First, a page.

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Cromulent
Feb 27, 2008, 03:13 AM
Most of the books I have are written with C++ (the physics, AI, maths and graphics books are particularly bad) and I would like to port the code over to straight C so that I can use it in my programs.

I have a couple of problems though. What is the C equivalent to a namespace? I know it is an OOP construct but can I safely ignore it? Also how do I port something which uses operator overloading? And is there a built in Vector variable in C++?I see some code that uses it, or is it just using typedef to assign floats (or ints) to the name vector?

I'll probably have a few more questions, I have not had much of a chance to look.



garethlewis2
Feb 27, 2008, 04:18 AM
I'm slightly confused by your post.

Are you already proficient at C or are you just starting because you believe it is more hardcore than C++?

Anyway. There aren't in any sense of the word Namespaces in C. There are Namespaces, but you can't access them, they are used by the comiler. This is why you can have a function and a variable with the same name. To stop function clobbering you must make all functions in a compilable unit static. This way, they can only be seen in that file and therefore, only in that object file.

There is no such thing as operater overloading in C, and definately no such thing as function overloading.

There is no builtin Vector variable in C++, but there are standard libraries which define vector classes and structures. You will need to build these yourself. In most cases they will be simple structs, or even simpler, double arrays.

The code was probably written in C++ to make it easier to maintain. You can definately write this in C, I have done it in the past, but you end up doing a gigantic amount of work. Why don't you just use the C++ code?

Cromulent
Feb 27, 2008, 04:28 AM
I'm slightly confused by your post.

Sorry I should have been more clear.

Are you already proficient at C or are you just starting because you believe it is more hardcore than C++?

I wouldn't say I'm proficient in C but I'm certainly much better at it than I am at C++ hence the reason I want to port it.

Anyway. There aren't in any sense of the word Namespaces in C. There are Namespaces, but you can't access them, they are used by the comiler. This is why you can have a function and a variable with the same name. To stop function clobbering you must make all functions in a compilable unit static. This way, they can only be seen in that file and therefore, only in that object file.

I'm aware of the fact that there is no definition of a namespace within C code, I was just wondering if when porting C++ code to C is there anything I need to do special if the C++ code defines a namespace or can I just simply strip it out of the code?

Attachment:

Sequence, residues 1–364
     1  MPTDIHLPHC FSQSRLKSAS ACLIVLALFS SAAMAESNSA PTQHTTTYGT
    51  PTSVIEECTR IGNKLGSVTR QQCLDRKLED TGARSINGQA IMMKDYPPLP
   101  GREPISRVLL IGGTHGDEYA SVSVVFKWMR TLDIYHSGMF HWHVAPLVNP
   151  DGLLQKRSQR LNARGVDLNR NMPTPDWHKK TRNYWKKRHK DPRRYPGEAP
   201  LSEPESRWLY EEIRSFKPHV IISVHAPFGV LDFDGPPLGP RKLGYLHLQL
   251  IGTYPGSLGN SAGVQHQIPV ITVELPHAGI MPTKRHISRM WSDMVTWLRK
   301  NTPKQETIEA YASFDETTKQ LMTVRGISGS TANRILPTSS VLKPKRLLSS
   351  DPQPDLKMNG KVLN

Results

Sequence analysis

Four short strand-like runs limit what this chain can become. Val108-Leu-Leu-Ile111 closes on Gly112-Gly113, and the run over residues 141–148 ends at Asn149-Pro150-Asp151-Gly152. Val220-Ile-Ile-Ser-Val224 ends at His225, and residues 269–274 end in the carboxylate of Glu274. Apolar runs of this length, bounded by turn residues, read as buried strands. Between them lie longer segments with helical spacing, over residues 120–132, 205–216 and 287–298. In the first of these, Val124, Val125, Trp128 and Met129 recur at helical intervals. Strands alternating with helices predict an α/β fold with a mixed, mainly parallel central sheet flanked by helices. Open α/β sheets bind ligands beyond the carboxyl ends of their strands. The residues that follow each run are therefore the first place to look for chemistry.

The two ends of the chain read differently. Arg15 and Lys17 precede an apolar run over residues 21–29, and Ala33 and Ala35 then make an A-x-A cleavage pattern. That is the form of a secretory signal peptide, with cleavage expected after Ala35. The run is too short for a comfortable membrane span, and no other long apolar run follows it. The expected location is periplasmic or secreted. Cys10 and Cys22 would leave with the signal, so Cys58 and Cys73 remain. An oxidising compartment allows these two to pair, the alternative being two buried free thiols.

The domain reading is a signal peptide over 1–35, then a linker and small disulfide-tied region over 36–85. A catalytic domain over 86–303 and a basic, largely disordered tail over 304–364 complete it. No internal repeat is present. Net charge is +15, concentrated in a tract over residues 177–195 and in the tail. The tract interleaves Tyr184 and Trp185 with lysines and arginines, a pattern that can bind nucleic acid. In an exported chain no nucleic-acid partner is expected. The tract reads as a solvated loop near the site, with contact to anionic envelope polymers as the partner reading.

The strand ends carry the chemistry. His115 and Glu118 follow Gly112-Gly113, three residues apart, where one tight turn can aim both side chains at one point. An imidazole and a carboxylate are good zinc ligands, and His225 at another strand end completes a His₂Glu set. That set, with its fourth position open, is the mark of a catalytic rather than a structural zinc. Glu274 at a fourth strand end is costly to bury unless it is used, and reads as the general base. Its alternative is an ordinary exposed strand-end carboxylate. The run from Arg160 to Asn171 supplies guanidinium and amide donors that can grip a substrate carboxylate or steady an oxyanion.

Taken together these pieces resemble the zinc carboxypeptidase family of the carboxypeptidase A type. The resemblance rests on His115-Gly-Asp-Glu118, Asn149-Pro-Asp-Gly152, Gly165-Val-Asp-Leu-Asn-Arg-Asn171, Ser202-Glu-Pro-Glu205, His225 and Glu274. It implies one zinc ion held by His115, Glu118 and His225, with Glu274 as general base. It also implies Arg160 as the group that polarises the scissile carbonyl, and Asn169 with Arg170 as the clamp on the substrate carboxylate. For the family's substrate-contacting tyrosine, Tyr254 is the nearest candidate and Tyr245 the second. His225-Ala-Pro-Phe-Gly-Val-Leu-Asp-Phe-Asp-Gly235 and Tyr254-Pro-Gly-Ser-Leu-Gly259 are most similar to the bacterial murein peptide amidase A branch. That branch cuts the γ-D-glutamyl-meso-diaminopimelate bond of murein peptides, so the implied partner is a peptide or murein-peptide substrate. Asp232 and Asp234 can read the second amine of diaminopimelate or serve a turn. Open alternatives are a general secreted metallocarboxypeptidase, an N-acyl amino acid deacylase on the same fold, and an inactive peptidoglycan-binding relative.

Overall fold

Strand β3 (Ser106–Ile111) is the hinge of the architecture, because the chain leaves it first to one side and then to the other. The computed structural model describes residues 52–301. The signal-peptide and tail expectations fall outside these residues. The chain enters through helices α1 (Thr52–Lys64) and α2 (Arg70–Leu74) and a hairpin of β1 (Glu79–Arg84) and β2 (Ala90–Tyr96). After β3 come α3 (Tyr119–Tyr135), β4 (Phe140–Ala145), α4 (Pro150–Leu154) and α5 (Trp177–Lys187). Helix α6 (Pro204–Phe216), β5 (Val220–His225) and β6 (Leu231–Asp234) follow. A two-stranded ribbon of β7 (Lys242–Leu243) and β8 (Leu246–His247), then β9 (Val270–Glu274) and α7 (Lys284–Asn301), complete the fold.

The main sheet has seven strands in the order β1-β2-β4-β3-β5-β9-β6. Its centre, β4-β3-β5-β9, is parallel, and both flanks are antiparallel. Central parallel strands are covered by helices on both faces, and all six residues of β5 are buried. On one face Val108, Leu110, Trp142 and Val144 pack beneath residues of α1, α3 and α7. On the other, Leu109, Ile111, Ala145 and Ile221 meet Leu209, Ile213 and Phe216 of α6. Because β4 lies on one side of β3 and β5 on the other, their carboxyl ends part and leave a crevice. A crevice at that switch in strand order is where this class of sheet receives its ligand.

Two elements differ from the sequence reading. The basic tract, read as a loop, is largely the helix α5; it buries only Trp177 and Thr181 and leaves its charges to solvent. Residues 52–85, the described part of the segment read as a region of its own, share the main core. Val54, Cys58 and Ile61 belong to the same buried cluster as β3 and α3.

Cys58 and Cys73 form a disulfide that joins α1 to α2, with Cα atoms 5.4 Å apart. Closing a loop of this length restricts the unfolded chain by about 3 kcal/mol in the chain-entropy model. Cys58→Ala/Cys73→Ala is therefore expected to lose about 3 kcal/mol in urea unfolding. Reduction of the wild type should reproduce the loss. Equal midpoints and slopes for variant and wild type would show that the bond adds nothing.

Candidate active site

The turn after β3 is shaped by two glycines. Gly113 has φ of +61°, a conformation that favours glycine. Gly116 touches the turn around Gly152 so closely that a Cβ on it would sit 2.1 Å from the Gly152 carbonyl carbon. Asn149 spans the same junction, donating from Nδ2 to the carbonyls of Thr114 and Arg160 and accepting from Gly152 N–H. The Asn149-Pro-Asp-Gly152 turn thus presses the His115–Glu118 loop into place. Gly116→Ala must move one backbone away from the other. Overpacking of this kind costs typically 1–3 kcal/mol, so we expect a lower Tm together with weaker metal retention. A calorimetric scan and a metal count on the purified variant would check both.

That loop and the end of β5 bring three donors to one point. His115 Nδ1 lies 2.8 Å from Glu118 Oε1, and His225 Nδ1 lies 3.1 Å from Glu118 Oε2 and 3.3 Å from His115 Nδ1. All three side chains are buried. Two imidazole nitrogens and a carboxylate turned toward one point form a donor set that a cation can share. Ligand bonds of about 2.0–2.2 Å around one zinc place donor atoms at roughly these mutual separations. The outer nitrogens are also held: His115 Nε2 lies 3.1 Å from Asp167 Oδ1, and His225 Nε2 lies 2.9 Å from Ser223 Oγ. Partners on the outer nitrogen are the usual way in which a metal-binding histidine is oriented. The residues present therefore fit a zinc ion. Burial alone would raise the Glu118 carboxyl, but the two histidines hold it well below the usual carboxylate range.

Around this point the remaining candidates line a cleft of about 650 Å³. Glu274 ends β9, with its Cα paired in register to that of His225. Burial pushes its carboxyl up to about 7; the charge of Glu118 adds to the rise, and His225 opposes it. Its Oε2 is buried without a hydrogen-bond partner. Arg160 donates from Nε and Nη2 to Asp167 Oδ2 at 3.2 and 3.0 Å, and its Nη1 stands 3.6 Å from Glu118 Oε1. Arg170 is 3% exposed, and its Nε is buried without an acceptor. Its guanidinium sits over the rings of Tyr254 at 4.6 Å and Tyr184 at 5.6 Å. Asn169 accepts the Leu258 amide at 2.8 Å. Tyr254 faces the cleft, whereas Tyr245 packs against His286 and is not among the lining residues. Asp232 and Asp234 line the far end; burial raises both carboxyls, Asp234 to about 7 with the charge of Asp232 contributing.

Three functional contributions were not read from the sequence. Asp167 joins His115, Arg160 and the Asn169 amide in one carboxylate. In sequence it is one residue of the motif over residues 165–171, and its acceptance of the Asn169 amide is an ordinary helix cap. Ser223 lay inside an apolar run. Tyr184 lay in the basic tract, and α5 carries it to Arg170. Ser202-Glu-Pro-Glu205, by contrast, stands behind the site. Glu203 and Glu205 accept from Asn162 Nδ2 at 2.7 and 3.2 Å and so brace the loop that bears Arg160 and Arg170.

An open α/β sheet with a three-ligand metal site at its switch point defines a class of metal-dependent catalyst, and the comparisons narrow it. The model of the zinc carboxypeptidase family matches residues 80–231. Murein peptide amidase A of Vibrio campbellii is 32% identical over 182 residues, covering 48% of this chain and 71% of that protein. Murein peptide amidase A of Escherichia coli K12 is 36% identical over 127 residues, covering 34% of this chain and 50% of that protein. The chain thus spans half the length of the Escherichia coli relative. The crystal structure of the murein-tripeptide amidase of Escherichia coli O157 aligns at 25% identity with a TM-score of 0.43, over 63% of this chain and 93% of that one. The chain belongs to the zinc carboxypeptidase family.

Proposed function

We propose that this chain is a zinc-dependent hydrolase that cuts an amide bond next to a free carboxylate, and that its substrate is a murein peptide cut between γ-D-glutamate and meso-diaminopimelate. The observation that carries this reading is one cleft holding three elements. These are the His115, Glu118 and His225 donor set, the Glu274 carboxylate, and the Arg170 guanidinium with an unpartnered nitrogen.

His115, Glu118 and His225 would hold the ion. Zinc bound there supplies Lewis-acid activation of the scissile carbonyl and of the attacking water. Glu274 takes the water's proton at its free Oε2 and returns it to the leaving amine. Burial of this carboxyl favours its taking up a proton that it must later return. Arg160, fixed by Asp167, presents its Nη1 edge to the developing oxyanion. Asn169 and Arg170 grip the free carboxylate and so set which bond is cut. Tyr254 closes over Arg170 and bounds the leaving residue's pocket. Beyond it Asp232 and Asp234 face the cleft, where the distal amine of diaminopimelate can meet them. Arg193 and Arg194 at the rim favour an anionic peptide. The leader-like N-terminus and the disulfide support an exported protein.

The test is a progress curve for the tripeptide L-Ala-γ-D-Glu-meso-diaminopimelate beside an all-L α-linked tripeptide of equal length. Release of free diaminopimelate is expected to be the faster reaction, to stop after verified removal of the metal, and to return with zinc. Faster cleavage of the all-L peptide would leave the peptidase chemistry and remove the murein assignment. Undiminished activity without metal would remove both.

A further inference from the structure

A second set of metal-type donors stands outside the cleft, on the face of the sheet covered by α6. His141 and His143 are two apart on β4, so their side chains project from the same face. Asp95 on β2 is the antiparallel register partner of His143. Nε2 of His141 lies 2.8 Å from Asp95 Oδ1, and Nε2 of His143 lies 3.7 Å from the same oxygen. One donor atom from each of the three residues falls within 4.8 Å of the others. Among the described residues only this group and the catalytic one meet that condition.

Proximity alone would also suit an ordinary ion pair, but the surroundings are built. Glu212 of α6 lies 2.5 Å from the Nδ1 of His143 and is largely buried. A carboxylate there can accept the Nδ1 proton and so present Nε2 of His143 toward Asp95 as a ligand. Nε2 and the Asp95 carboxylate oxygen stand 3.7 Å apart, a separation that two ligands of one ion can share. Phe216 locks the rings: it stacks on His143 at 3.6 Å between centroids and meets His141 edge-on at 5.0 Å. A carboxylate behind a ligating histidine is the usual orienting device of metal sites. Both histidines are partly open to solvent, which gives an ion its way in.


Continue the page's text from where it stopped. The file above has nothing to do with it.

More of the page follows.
There is no such thing as operater overloading in C, and definately no such thing as function overloading.

Oki dokie.

There is no builtin Vector variable in C++, but there are standard libraries which define vector classes and structures. You will need to build these yourself. In most cases they will be simple structs, or even simpler, double arrays.

I guess I can just write a simple library to handle this then.

The code was probably written in C++ to make it easier to maintain. You can definately write this in C, I have done it in the past, but you end up doing a gigantic amount of work. Why don't you just use the C++ code?

Because I don't know C++.

Thanks for your help :).

garethlewis2
Feb 27, 2008, 04:55 AM
You can strip out the namespaces, but then you have to sure that there aren't any functions that have the same name in different compilable units otherwise the linker is going to be ecstatic about sorting that out. If there is say a class called utilities in namespace math.game. and another utilities class with functions in file.game., and they both have functions with the same name, then you will need to go through all the source code where each is referenced and change the name, (refactor the code) to use the newer version of the function. That is going to be painful.

MrStevieP
Feb 27, 2008, 05:01 AM
I have to agree with garethlewis2, this is going to be very painful and you'll spend alot of time grapalling with the compiler. No only this, the effort you'll need to put in to figuring out the nuances of the code will be big enough that it will probably be easier and quicker to just learn the basics of C++, which you'll need to do anyway for the porting process. You could then simply reuse the code you already have.

Maybe start with something like http://www.cplusplus.com/doc/tutorial/

kainjow
Feb 27, 2008, 05:35 AM
I agree with the others. I think you'd be better off just learning C++.

lazydog
Feb 27, 2008, 05:39 AM
Hi

You could get round the namespace issue by replacing :: with _. For example, say there are 2 (3d) vector classes in physics::vector and geometry::vector, then you could define 2 structs in C called physics_vector and geometry_vector. You'd still have to change any class methods to procedural functions though.

It's common practice for operator overloads to be defined as functions and not class methods (exceptions would be unitary operators). So they would be easy to translate.